New Delhi: In a major jolt to the Congress in Haryana ahead of the assembly elections, former state unit president Ashok Tanwar today resigned from the primary membership of the party saying it was going through an “existential crisis” and was faced with “serious internal contradictions”.
A couple of days ago, Tanwar had also stepped down from all the poll committee while accusing former chief minister Bhupinder Singh Hooda of hijacking the distribution of tickets for the elections.
Resignation comes after last date of filing of nominations
Tanwar made his decision to leave the party known through a tweet in which he also posted a four-page resignation letter marked to interim Congress president Sonia Gandhi. The timing of Tanwar’s letter is crucial for the last date of filing nominations is over and it is clear that he did not intend to either contest as a rebel himself or wanted to promote rebellion within the ranks but wanted to raise an issue in the interest of the Congress at large.
In the letter, he wrote that “today, the Indian National Congress is going through an existential crisis, not because of its political opponents, but because of serious internal contradictions.”
‘Congressmen from non-political families not valued’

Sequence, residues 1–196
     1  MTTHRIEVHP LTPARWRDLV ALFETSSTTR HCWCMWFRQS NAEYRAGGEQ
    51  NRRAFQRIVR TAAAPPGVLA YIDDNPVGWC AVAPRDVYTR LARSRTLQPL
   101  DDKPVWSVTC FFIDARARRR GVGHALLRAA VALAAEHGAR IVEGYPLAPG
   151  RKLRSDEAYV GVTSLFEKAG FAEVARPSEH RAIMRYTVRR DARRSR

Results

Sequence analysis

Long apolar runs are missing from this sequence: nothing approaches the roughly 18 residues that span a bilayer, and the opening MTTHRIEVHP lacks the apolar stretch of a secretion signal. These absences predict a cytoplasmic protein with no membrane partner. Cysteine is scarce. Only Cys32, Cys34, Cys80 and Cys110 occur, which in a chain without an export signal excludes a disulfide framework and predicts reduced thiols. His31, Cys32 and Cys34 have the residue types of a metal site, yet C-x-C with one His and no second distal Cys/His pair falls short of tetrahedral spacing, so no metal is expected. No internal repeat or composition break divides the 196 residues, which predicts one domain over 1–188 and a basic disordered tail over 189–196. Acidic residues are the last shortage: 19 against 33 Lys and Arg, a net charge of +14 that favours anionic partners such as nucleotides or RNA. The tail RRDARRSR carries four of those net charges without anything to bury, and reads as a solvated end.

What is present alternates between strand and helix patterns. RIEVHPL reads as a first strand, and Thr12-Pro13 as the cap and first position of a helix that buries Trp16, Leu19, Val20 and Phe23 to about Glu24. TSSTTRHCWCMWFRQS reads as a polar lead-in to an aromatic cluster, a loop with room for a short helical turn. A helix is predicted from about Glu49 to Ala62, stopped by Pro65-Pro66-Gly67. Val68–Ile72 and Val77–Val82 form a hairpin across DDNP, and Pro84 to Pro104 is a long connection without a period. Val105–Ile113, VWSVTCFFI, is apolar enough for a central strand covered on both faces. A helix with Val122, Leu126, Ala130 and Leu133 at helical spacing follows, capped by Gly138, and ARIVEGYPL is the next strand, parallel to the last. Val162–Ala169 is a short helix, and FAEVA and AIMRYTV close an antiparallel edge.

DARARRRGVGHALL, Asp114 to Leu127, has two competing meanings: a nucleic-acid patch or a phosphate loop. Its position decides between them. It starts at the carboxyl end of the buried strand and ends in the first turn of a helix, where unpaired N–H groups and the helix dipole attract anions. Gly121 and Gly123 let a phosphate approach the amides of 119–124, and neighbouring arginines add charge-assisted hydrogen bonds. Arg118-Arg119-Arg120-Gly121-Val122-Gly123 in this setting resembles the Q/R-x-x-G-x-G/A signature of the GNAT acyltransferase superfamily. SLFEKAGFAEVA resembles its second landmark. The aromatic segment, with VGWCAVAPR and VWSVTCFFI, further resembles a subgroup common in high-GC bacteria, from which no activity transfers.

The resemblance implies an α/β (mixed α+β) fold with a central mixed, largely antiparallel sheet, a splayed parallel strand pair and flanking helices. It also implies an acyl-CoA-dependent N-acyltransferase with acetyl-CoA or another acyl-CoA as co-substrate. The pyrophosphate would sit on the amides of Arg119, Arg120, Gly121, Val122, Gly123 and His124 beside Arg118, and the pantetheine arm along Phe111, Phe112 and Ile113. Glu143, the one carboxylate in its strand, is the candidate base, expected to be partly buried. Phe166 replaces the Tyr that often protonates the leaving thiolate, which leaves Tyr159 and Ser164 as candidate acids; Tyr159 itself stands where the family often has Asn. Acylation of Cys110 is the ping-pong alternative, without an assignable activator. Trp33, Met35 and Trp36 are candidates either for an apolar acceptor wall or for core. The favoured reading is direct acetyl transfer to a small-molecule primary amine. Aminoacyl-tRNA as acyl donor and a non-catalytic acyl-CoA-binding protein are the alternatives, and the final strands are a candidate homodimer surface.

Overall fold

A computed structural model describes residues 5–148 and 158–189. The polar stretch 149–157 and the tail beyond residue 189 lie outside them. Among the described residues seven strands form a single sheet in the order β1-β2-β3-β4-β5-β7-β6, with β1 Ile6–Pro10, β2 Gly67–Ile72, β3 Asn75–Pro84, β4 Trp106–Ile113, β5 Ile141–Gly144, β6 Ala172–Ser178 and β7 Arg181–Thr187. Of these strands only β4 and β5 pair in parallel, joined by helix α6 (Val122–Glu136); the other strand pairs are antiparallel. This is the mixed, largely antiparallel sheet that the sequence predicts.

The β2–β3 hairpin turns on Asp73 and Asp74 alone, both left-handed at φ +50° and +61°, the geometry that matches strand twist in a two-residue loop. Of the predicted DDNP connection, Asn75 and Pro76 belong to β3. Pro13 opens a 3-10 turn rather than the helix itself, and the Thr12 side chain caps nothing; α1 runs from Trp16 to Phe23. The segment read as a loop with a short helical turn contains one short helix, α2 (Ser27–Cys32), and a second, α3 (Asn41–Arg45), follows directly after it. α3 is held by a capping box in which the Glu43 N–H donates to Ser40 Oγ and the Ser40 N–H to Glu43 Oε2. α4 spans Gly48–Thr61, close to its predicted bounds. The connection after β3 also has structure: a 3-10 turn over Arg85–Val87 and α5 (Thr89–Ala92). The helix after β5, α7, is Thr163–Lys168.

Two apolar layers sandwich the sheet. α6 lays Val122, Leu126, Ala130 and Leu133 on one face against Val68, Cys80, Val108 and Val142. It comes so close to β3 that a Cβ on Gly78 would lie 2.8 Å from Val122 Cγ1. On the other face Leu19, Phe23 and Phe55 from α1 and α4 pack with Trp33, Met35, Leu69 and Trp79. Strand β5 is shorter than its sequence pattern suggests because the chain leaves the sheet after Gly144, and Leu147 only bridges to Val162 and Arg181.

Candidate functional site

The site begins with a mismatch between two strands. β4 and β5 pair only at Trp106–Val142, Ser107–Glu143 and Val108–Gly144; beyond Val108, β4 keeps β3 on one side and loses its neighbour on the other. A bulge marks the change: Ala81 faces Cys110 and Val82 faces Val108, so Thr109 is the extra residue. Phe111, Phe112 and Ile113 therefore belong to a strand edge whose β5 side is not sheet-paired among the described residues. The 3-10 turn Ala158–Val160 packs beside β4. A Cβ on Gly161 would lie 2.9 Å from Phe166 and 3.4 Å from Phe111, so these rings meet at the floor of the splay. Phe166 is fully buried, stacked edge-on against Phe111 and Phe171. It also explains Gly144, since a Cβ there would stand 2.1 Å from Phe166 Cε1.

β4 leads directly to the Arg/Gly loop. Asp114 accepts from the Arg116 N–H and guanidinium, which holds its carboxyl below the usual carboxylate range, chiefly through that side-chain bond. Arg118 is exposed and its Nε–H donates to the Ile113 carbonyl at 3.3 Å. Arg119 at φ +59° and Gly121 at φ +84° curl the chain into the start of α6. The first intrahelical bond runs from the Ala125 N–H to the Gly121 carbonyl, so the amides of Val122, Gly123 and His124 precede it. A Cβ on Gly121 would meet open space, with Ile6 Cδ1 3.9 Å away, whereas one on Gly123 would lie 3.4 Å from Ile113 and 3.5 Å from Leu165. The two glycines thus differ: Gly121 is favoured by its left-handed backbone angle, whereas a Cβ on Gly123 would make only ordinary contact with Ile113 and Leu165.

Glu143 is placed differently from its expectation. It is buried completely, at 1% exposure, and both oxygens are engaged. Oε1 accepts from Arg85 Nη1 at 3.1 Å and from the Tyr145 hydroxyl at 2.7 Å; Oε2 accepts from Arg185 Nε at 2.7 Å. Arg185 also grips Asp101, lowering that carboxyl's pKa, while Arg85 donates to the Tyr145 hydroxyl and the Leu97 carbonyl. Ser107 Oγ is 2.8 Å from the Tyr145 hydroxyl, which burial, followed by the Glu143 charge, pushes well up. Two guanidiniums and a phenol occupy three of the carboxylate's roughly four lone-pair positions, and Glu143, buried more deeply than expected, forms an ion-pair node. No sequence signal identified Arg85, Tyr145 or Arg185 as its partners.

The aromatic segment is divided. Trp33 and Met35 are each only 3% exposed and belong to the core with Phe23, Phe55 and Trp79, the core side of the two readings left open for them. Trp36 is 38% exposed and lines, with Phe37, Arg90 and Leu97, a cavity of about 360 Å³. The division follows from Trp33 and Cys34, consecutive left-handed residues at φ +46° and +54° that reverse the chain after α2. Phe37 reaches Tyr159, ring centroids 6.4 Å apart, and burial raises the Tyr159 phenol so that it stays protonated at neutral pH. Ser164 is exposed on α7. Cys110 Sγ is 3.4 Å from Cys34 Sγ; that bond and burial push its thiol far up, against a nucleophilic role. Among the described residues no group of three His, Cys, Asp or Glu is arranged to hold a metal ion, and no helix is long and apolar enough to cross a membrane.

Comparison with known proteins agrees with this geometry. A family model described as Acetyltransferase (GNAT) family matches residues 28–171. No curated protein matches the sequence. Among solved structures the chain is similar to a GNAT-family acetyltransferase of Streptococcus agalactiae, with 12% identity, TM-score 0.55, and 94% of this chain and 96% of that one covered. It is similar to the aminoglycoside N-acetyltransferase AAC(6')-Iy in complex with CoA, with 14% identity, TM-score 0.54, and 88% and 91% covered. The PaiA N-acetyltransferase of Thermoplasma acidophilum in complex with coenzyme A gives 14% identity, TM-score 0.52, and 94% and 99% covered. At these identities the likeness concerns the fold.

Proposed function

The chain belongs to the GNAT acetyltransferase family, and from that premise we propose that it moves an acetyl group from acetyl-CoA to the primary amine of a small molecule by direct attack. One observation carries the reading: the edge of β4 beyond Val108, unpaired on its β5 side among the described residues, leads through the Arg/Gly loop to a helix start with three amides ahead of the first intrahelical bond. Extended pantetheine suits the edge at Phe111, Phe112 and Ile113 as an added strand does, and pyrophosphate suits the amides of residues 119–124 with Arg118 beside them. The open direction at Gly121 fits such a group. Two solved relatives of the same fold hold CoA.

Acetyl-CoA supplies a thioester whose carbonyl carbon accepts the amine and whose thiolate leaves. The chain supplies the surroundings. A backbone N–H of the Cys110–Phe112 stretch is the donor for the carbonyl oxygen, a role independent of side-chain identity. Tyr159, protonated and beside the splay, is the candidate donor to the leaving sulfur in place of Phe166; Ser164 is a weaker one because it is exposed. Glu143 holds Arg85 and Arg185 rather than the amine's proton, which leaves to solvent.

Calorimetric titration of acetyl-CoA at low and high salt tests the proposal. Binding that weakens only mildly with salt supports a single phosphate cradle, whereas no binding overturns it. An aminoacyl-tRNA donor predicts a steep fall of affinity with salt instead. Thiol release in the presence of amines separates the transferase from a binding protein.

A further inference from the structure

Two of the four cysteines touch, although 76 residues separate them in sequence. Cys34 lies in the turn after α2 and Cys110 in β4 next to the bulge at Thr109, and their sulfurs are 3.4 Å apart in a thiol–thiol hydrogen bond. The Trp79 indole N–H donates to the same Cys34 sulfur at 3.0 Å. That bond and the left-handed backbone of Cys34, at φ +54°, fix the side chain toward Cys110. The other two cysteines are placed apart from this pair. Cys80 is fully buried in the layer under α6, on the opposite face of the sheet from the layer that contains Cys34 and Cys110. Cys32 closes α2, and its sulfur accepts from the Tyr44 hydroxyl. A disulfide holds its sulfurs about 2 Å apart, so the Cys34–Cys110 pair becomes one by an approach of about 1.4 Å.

He further stated that “hard working Congressmen who rise from the grassroots and belong to non-political and humble family backgrounds are not valued.”
Tanwar, who joined the party at a tender age of 17 and rose up the ranks to become the Pradesh Congress Committee president, also charged that “money, blackmail and pressure tactics seem to work at the end.”
Fight with Hooda behind resignation
Though he did not name Hooda, it was clear who he was referring to because in August the former CM, who had a running tiff with Tanwar, had threatened at a rally in Rohtak to leave the party if he or his supporters were ignored in distribution of tickets for the Assembly polls. He had also met Sonia Gandhi in the presence of general secretary in-charge of state Ghulam Nabi Azad. Soonafter, the Congress had replaced Tanwar with Rajya Sabha MP Kumari Selja as state president of the party.
This had irked Tanwar and he had repeatedly threatened to pay back Hooda in the same coin while campaigning for the polls. As he and his supporters were not picked as candidates in most of dozen-odd seats in and around Sirsa, where he wields considerable influence, Tanwar had quit from all the poll committees. He had also accused the leader of allowing the state unit to become “Hooda Congress” and alleged that money had changed hands for tickets.
Despite that Congress retained Tanwar as one if its star campaigners for the state. However, this was no consolation for the young leader who decided to make his angst known through his resignation letter.
‘Congress plagued by feudal attitudes’
In the letter to Ms. Gandhi, he wrote that “now the Congress is the anti-thesis of democracy, plagued by feudal attitudes and medieval conspiracies.”
Giving a large picture, he added: “I am not the only victim of these prejudices that are aimed at defending dynastic politics, which is so deep rooted and omnipresent in Congress party. The victims are each one of us millions of soldiers who gave their sweat, blood and lives for realising the spirit of our great freedom struggle and ideals of our founding fathers …. Congress visibly has drifted away from its basic principles and ideology.”